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I think that this question might be considered in two parts: why is it important to study and understand the literature from any historical period, and why, particularly, the Victorian? The first, more general question considers the variety of human experience, the differences in the beliefs, norms, morals, and values of people in different historical time periods, and the commonality of the human condition through time. Any historical period other than our own offers us a different view of life; a study of colonial New England, for example, would reveal a prejudice against worldly consumerism that is unlike our own age, for example, coupled with an nearly universal religious intolerance that we would find both alarming and familiar (in this age of religious terrorism around the world). There are vast differences in the beliefs of the people from other times and places from our own views of life, and then there are startling similarities. The ratio varies with each time period and geographical place, of course, with the more remote time periods, perhaps, showing us greater differences and fewer similarities, but there are certainly similarities in every age and place that can be enlightening to the study of our own time. One only needs to review the Code of Hammurabi, a law text over 3700 years old, to see that many of the crimes that we abhor today were abhorred then -- and that some of the punishments for those crimes would not be considered humane by any of us today!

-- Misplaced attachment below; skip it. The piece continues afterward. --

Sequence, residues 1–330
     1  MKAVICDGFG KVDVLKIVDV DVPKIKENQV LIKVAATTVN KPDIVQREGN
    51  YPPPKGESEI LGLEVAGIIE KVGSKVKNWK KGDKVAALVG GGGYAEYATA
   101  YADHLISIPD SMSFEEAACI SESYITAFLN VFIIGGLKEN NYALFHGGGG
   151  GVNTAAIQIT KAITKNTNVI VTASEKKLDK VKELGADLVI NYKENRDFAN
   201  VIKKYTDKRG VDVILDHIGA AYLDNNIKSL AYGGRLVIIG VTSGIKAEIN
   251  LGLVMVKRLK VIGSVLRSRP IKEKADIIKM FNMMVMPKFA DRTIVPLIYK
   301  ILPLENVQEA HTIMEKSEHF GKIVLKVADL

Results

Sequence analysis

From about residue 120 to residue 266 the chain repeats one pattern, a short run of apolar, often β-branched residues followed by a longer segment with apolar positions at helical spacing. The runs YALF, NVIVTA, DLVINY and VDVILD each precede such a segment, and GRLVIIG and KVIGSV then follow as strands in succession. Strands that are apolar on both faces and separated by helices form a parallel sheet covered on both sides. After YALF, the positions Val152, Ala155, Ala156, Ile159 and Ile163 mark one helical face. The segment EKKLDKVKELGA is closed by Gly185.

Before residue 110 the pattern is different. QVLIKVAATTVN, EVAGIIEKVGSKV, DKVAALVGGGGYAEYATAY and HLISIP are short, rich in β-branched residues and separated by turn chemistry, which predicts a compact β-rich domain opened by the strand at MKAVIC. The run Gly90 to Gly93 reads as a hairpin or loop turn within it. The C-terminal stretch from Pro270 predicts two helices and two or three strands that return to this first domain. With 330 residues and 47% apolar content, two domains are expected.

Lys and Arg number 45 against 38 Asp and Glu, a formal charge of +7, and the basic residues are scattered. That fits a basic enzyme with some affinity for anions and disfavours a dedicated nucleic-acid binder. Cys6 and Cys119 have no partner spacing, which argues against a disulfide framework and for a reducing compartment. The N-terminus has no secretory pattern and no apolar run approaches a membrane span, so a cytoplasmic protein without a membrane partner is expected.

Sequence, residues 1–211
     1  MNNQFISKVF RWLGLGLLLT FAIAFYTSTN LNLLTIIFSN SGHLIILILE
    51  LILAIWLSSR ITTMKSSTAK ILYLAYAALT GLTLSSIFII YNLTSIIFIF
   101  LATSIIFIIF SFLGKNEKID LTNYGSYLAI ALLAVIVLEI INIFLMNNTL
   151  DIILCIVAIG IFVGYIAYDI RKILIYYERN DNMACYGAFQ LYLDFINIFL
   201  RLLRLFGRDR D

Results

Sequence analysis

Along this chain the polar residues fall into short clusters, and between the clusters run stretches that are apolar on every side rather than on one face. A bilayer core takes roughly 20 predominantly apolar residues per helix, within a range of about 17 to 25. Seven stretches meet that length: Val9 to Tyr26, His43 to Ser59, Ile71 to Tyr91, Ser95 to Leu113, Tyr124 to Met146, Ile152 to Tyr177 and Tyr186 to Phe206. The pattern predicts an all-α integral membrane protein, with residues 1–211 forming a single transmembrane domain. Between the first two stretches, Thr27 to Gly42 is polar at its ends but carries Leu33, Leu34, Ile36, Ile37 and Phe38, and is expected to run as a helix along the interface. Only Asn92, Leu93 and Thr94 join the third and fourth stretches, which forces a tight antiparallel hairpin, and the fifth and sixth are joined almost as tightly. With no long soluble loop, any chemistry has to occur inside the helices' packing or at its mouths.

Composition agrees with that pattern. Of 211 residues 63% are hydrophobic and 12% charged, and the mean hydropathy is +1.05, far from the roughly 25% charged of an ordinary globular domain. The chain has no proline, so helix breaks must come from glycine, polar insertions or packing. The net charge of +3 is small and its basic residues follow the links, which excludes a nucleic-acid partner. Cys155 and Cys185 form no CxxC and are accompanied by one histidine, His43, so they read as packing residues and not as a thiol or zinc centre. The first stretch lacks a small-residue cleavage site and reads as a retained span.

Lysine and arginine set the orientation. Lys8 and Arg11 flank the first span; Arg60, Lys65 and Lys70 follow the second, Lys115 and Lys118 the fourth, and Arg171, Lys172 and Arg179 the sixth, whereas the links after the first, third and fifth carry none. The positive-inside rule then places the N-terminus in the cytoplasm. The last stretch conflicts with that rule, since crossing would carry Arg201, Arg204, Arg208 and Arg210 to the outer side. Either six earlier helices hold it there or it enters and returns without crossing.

But how does this relate to Victorian England? If we are to assume that every historical period's literature can have something important to teach us about that time (and, by reflection, our own) what is so important about the reign of Queen Victoria? For Americans of the century before our present one, Victorian values were held over long after the queen's death in 1901. Her reign was very long (63 years) and, during that time, many moral and social customs became refined and codified. There were certain changes during that long time period, doubtless, but the social values of that time were surprisingly resilient, and they formed the basis of much of the value system of the first half of the twentieth century in America (which emulated Britain, and other European countries, in many ways in those days). After that time, those mores and social customs became the things that Americans rebelled against. So by any measure, positive or negative, the beliefs and practices of this time are relevant to us today.
Specifically in regards to women, the Victorian era created some surprisingly durable values which still influence us today. The rigidly strict social restraints on women, and the insistence on their total propriety and self-denial in all sexual matters (as exhibited in Jane Eyre) has had a lasting effect on how we think about women. Before the codification of "middle class" morals under Victoria's reign there was not nearly so much scrutiny of women's behavior as there was after it. This lasted long into the twentieth century, well into the 1950s, and only began truly to be rebelled against in the 1960s in America. For this alone, the constraints put on Jane (and other women of her class and situation) during this time period are interesting and important to us -- to know where these ideas, which were rebelled against, but, in some ways, are still with us, came from in the first place is doubtless valuable.
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